Happiness in Business(http://whatconsumesme.com/2009/what-im-writing/how-to-be-happy-in-business-venn-diagram/) Happiness in Business

If you can’t be ‘best’ or ‘cheapest’, that only leaves being ‘first’ (see Pt. 1: Service Clouds and Pt. 2: Commodity Clouds).  Since Amazon Web Services (AWS) clinched the ‘first’ and ‘best’ titles for the general marketplace, your best bet is to pick a subset of the market to focus on.  Focused clouds find a sweet spot and exploit it.  This is really Business 101 for Startups.  A diagram I saw recently by Ben Caddell brought this into focus and provides a very simple to understand reminder for those of us who may have forgotten (see right).

Let’s look at some of today’s focused clouds.  I’ll mostly talk to Infrastructure-as-a-Service (IaaS), but also touch on Platform-as-a-Service (PaaS) and Software-as-a-Service (SaaS) briefly.

Horizontally-Focused Clouds By ‘horizontal’, people usually mean a longitudinal slice of the general market focusing on either a stakeholder (e.g. QA, IT, business management) or a business size (e.g. large enterprise, small/medium enterprise (SME), small/medium business (SMB), startups, or individuals).  A horizontal focus, by definition crosses multiple verticals  (e.g. financial services, health, etc. — see below).

We have some interesting examples of these available to us today.  I’ve picked just three to highlight my point: SkyTap, Terremark, and EngineYard.

SkyTap Perhaps my personal favorite is SkyTap.  SkyTap focuses tightly on providing a unique experience for those in Quality Assurance (QA).  They allow a rich workflow experience that greatly facilitates deploying and saving the state of multi-server applications.  A QA person can find a bug that affects multiple servers in a complex application and literally save the entire system for reuse or re-play by the affected developer at any time.  Combined with easy replication of multi-server environments and other great features designed for this segment only, SkyTap, even though technically an Infrastructure-as-a-Service (IaaS) play is generally under the radar when folks talk about infrastructure clouds.

Terremark A relatively new entrant into IaaS, Terremark is making it’s mark by focusing on the enterprise.  In fact, their offering is called simply The Enterprise Cloud, showing where they plan to focus.  Terremark uses VMware, which hasn’t had a lot of traction in the public clouds to date.  Presumably this is because they plan to offer some of the more advanced enterprise-class VMware features like HA and DRS.  From my sources at VMware I’ve heard that the Terremark cloud product is quite good and they have developed quite a bit of secret sauce on top of VMware. [1]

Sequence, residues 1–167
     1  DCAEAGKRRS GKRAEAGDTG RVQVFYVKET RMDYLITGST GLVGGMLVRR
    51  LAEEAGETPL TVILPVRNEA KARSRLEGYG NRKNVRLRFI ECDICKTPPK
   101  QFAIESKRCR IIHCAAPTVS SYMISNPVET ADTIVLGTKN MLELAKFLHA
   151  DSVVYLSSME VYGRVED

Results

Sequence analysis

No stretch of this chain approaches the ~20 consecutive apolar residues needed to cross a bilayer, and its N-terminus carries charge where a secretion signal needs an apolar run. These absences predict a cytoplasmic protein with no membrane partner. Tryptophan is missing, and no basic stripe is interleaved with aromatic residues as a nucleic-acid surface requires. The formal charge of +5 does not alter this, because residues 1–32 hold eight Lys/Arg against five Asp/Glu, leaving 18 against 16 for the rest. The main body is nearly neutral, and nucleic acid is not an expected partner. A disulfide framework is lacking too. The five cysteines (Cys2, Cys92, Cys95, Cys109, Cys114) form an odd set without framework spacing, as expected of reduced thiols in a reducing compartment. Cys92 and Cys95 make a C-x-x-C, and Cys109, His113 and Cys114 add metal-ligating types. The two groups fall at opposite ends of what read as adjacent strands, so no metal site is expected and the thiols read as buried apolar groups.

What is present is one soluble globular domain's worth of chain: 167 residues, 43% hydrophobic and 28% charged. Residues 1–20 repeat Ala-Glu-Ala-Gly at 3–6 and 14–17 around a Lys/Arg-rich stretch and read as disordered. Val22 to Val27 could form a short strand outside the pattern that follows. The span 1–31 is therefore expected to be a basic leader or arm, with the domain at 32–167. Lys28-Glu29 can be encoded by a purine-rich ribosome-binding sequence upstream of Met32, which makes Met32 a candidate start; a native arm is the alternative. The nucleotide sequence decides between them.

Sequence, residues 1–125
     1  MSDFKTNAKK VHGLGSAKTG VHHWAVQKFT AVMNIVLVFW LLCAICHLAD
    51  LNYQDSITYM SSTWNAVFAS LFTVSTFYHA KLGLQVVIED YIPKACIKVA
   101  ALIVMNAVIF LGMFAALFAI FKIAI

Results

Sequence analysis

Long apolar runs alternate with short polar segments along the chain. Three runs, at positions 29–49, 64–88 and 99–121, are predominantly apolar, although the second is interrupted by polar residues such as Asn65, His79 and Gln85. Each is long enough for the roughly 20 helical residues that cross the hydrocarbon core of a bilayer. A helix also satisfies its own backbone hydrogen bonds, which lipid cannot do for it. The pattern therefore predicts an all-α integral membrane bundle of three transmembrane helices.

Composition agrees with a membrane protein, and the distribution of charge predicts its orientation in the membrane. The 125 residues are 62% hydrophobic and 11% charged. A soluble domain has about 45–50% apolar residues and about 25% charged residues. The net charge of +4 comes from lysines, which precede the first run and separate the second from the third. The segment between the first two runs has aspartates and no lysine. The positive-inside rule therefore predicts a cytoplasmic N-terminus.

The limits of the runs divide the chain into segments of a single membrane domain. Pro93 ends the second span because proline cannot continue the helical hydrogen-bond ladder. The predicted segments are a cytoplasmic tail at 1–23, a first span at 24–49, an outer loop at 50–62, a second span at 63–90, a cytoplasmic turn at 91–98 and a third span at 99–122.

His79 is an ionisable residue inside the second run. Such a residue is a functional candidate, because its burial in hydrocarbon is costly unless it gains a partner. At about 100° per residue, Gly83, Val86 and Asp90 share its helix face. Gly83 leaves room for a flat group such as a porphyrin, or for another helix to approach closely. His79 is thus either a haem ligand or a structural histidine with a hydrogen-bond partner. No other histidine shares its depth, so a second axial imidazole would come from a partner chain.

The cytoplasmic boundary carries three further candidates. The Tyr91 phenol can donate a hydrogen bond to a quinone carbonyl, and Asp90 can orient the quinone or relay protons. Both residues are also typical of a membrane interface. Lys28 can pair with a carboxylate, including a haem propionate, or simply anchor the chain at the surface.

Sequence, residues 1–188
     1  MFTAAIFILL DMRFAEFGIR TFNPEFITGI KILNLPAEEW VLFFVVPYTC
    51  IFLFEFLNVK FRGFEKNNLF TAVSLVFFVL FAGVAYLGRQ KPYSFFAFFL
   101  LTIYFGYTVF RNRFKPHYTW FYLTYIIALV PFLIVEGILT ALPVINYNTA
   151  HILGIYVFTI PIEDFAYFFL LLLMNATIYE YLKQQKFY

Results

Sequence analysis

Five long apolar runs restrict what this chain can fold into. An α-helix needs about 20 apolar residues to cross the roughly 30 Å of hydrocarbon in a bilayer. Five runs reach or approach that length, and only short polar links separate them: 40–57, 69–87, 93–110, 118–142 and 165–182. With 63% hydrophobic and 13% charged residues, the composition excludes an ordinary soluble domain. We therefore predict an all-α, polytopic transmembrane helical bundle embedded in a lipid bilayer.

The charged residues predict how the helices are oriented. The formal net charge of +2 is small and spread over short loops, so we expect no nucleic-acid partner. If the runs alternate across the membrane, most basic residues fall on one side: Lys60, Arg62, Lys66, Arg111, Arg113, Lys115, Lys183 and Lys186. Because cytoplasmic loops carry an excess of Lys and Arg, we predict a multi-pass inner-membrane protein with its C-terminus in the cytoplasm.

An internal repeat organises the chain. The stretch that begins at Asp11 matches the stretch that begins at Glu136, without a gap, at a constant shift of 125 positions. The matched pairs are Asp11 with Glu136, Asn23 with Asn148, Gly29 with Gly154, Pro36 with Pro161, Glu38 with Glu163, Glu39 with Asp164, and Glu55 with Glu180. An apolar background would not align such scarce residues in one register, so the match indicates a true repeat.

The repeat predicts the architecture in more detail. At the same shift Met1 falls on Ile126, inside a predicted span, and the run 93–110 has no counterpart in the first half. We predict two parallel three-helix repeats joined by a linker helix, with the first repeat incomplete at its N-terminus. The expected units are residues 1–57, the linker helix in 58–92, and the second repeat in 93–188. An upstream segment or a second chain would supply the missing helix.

Regardless, by picking an area of the market that has been under-served by the heavyweights I think they have a good opportunity.

EngineYard It’s quite a bit easier, as you move from Infrastructure to Platforms and Software to differentiate and focus on a particular target market.  EngineYard (and their close cousin Heroku who I have mentioned before) focuses on providing a fully managed and automated Ruby-on-Rails (RoR) stack to web startups.  This has already distinguished them amongst the platform crowd and allowed them to ramp up a very respectable business in less than 2 years time.

Vertically-Focused Clouds If you can’t go horizontal, go vertical.  A vertical focus is an industry focus, be it financial services, health, construction, high-tech, life sciences, energy, or other.  A vertical focus tends to be more solutions-oriented.  When you put together a package that focuses on a single industry it is rarely transferrable, without major changes, to another industry.  However, this kind of focus can be very beneficial for a smaller cloud trying to make a mark early.  This also means it can be rather hard to build a vertical infrastructure cloud.  An example might be someone building a cloud that was highly secure and HIPAA compliant for the medical industry.  Or one that focused on PCI compliance for financial services companies.

Outside of infrastructure, many Software-as-a-Service (SaaS) businesses focus tightly on a given industry.  I don’t know of any current IaaS clouds who are vertically focused and the list of SaaS providers who are vertically focused is too long to list.  A couple of brief examples:

athenahealth athenahealth provides doctor and patient management services online.

BankServ BankServ provides online payment processing specifically for financial institutions.

Focus, Focus, Focus

As you can see, if the general market already has dominant players who are ‘first’, ‘best’, and ‘cheapest’, then picking a subset of the market that is not currently served and being ‘first’ there is a great strategy for any new cloud.  In the final part of this series I’ll talk about the particular importance of focus for those players currently in the general market who need to compete on value, not price to survive.  Ultimately, the best way to make money is to help your customers.  Don’t help them on price.  Provide value instead.

[1] If Terremark wants a full review, perhaps they could give me a trial account? :)